Events & News

Overdose: Heroin and fentanyl combo

9/5/2016

A conversation came up about the number of overdose deaths in Columbiana County. “And fentanyl is involved!” Maybe it’s a good idea to take a closer look at fentanyl.

Fentanyl is a potent synthetic opioid, defines the Drug Enforcement Administration. It’s been around a while, since the 1960s and is used to manage the cancer patients already receiving opioid medication for their persistent pain and is used to control post-surgery pain. Many times it is used for patients undergoing heart surgery or those with poor heart function. But with so many deaths and overdoses from its abuse, the strictest guidelines are being enforced. It is a schedule II substance under the Controlled Substances Act.

It can be a direct substitute for heroin in opioid dependent individuals. But it is so much more potent than heroin it is very risky to use. Fentanyl is 100 times more potent than morphine and 50 times more potent than heroin. It is one of the strongest opiate drugs available.

“For the individual abusing the drug outside a hospital, this is highly dangerous, as the difference between a therapeutic dose and a deadly dose is very small,” advises narconon.org. Fentanyl “very quickly creates a tolerance to high doses, so a dose that is adequate for the intended high one week will probably not create that intended high even a few days later.”

The costs of addiction are high. “Those coming off heavy fentanyl abuse will often be weaned down to a lower level before going through withdrawal, as unsupported withdrawal from stronger opiates can be brutal.”

A year ago, Partnership for Drug-Free Kids published a report showing that “Fentanyl-Laced Heroin Worsening Overdose Crisis.” At the time of this report, the Drug Enforcement Administration (DEA) stated that Mexican cartels have increased production of a variant of fentanyl called acetyl fentanyl, and are smuggling it into the United States.

The National Institute on Drug Abuse explains why fentanyl is so dangerous. Opioid receptors are also found in the areas of the brain that control breathing rate. “High doses of oipiods, especially potent opioids such as fentanyl, can cause breathing to stop completely, which can lead to death. The high potency of fentanyl greatly increases risk of overdose, especially if a person who uses drugs is unaware that a powder or pill contains fentanyl. Fentanyl sold on the street can be mixed with heroin or cocaine, which markedly amplifies its potency and potential dangers.”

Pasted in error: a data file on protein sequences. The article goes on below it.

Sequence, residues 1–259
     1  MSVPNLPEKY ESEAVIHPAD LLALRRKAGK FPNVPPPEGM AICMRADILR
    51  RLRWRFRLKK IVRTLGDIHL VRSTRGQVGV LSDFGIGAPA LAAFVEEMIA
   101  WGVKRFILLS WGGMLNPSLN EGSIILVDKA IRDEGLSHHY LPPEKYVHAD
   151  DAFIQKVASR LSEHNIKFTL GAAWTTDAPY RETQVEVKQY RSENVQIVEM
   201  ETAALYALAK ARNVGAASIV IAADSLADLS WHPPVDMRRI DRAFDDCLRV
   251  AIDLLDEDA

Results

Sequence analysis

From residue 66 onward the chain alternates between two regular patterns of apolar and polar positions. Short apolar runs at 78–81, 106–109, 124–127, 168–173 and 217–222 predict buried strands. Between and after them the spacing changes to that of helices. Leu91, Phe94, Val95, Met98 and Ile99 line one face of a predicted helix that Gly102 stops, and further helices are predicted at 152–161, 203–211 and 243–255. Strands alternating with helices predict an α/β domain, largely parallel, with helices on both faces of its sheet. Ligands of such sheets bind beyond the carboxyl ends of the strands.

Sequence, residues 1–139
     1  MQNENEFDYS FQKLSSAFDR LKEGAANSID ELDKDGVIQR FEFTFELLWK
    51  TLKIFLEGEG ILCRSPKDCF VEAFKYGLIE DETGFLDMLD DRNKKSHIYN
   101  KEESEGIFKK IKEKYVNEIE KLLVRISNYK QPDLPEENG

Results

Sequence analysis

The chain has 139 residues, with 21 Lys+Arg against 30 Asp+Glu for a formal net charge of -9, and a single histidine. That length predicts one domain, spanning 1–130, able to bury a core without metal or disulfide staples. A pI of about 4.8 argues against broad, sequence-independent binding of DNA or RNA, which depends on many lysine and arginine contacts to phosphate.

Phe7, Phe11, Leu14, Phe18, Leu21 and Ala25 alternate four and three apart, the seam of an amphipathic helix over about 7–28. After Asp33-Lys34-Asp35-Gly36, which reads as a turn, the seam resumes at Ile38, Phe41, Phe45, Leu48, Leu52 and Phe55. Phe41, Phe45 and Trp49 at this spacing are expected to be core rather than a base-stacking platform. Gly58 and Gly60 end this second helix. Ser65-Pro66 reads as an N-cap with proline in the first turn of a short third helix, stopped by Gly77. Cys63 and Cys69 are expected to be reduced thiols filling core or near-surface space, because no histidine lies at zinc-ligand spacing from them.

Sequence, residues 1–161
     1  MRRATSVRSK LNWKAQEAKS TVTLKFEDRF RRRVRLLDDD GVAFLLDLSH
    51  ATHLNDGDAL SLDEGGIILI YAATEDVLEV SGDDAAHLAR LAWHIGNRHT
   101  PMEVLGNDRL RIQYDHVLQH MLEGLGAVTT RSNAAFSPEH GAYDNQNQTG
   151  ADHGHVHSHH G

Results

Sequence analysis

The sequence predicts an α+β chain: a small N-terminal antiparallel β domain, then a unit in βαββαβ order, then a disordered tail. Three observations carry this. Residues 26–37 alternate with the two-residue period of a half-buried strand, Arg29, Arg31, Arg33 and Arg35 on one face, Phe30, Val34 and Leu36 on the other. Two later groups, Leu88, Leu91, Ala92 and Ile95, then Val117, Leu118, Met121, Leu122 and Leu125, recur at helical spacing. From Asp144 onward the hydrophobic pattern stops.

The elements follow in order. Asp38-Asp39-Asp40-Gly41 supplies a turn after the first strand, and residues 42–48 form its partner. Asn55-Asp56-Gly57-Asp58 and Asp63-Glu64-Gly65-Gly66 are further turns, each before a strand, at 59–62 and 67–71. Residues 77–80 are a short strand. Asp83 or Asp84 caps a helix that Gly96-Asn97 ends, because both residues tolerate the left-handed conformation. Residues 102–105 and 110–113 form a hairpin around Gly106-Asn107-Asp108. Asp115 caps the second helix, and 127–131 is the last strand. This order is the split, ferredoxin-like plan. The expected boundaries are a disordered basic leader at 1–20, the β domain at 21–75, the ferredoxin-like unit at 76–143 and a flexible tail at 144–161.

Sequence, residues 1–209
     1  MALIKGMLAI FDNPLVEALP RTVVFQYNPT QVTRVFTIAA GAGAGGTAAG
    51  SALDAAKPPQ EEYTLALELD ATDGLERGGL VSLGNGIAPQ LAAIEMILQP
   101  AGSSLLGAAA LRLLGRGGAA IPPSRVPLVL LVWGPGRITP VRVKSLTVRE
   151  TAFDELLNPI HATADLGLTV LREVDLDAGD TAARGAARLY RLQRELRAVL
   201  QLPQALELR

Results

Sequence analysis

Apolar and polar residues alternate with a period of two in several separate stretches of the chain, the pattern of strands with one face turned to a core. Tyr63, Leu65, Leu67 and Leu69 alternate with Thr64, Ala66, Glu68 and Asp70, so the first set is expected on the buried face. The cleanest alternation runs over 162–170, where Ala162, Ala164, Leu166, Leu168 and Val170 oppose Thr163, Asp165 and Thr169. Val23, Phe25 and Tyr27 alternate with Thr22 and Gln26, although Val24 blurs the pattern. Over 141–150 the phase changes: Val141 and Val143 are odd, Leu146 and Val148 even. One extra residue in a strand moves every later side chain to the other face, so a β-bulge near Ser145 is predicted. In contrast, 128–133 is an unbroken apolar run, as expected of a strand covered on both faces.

Further, “The medication naloxone is an opioid receptor antagonist that reverses opioid overdose and restores normal respiration. Overdoses of fentanyl should be treated immediately with naloxone and may require higher doses to successfully reverse the dose.”

Recently in Huntington, WV, responders answered 26 calls for heroin overdoses within a four hour period. Every ambulance in that city was out within just 10 minutes. Naloxone was used to reverse the overdoses and nobody died, but what happens when there aren’t enough ambulances, not enough responders? Fentanyl-related drug overdoses in Ohio increased from 75 in 2012 to 1,155 in 2015. Data suggests the deaths are the result of illegally produced and trafficked fentanyl, says the Ohio Department of Health.

Family Recovery Center promotes the well being of individuals, families and communities with education, prevention and treatment programs for substance abuse and related behavioral issues. For more information about heroin and fentanyl abuse, contact the agency at 964 N. Market St., Lisbon; phone, 330-424-1468; or e-mail, info@familyrecovery.org.


Back to News

Support Meetings

September

August